When the Environmental Protection Agency last week declared an offshore zone to control air pollution from ocean shipping, it was one of those rare occasions when everyone from the American Lung Association to the World Shipping Council agreed it was the right thing to do.
The EPA said it would propose an “emission control area” of 230 nautical miles from the U.S. coast in all directions under terms of Annex VI of the International Maritime Organization’s International Convention for the Prevention of Pollution from Ships of 1973.
The boundary will mark where ships must switch from high- to low-sulfur fuels. The cleaner fuels will reduce sulfur oxides, nitrogen oxides and particulate matter in the air by more than 80 percent in ports and surrounding cities, the EPA estimates.
Inside the zone, the IMO standard calls for reducing the amount of sulfur in the fuel ships burn, with no more than 1,000 parts per million beginning in 2015. New ships by that year also would have to be equipped with emission-control technologies to reduce nitrogen oxide emissions by 80 percent. The EPA said the standards will improve air quality as far inland as Kansas City.
For carriers, the IMO standard means there’s less chance states will establish their own air emission standards. If the standards were left to each state, carriers feared a hodgepodge of regulations that would make compliance nearly impossible.
“There’s more clarity coming. We’re big proponents of the international approach,” said T.L. Garrett, vice president of the Pacific Maritime Shipping Association, which represents carriers and terminal operators in the Pacific trades. “It’s been a long time coming. We want to establish this uniform regulatory scheme and get away from the patchwork approach.”
A patchwork was a real concern for West Coast carriers. The California Air Resources Board established a 24-mile offshore zone, and set deadlines for sulfur content in fuel.
The emission control area “does make CARB happy,” Garrett said. “They acknowledged they preferred an international approach, and the ECA achieves the same fuel standards.” He said CARB would phase out its requirements when the EPA standard takes effect.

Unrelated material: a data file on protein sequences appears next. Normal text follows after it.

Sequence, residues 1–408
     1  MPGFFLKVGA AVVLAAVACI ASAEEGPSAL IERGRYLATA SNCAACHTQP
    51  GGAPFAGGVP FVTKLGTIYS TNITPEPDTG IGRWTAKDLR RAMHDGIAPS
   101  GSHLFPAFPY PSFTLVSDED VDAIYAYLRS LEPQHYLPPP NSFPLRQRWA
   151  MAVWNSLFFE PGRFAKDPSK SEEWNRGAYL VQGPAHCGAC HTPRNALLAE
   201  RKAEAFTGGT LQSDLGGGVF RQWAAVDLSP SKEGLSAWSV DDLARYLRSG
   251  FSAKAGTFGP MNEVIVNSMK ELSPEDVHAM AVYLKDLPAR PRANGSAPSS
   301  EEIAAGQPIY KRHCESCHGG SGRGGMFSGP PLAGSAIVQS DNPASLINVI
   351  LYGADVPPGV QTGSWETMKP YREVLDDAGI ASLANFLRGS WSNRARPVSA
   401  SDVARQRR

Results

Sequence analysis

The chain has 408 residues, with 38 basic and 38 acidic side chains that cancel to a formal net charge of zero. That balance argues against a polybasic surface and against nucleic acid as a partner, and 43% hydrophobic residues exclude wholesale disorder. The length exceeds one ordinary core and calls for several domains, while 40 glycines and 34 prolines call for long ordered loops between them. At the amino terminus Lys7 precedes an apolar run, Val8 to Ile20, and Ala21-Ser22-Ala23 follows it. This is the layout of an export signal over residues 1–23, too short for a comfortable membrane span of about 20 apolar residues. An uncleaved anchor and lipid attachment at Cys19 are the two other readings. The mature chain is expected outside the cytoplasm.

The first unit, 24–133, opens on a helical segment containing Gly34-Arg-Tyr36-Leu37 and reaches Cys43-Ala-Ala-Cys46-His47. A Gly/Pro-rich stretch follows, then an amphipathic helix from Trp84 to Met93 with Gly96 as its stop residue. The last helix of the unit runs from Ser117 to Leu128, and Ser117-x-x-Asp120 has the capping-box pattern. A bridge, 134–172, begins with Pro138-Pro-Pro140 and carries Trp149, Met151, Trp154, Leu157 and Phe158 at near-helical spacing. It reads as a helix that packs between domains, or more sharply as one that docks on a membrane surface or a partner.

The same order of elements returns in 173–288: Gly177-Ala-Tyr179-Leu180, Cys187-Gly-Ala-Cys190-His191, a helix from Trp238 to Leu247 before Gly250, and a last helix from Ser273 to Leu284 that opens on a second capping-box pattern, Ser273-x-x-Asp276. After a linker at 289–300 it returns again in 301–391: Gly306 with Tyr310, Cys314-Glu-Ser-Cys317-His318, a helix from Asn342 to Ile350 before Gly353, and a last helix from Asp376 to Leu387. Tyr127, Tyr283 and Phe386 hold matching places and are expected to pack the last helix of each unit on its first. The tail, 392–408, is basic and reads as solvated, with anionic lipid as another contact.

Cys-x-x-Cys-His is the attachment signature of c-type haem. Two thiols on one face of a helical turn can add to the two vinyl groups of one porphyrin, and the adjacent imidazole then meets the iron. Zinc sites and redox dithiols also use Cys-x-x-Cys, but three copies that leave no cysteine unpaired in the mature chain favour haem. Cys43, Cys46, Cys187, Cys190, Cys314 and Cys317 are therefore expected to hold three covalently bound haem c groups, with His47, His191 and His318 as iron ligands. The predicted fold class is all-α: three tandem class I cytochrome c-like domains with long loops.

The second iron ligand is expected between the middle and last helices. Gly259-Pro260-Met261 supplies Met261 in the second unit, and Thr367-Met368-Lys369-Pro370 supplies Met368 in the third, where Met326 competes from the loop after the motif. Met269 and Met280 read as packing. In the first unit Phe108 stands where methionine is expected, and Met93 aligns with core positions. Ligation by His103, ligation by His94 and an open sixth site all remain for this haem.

The EPA and CARB standards, which will cost the shipping industry about $3.2 billion, still have differences in timing. Under the IMO standards, for example, vessels in emission control areas must burn fuel with no more than 0.1 percent sulfur by January 2015. Under CARB’s regulations, the same sulfur content must be reached by January 2012. The EPA estimates the added cost per container will be about $18.
“We’re all going to the same point. The only debate now is how soon do we get there,” Garrett said.
CARB also is proceeding with “cold-ironing” regulations whereby ships in port must shut off their main engines and rely on power drawn from shore.
“That’s going to require a tremendous investment in shore-side infrastructure and retrofitting of vessels to comply with that regulation,” Garrett said.
California also is considering regulating vessel speed. A 10-knot reduction in vessel speed could reduce fuel consumption exponentially.
“The downside is shipping is a service industry. These guys have to maintain a schedule,” Garrett said. “They may slow down coming in and out of California to comply with the regulation, but to maintain schedule, they’ll speed up someplace else. If they speed up half a knot somewhere else in their transit cycle, they’ll wipe out the benefits of the slowdown in California waters.”
The EPA will present its proposal to the IMO’s Marine Environment Protection Committee in London in July. Barring unexpected delays, the U.S. emission zone would take effect in late 2012, said Bryan Wood-Thomas, vice president for environmental policy at the World Shipping Council.
While the U.S. proposal will be the first since Annex VI took effect last year, other nations have established the Baltic Sea and the North Sea as areas where ships must burn low-sulfur fuels. The EPA’s announcement was the result of work that started in 2003.
CARB’s regulatory efforts alone will not disrupt trade, but California has taken an aggressive stand on other environmental issues that affect the maritime industry. The cumulative effect of all regulations could result in shifts in the supply chain.
Contact R.G. Edmonson at email@example.com.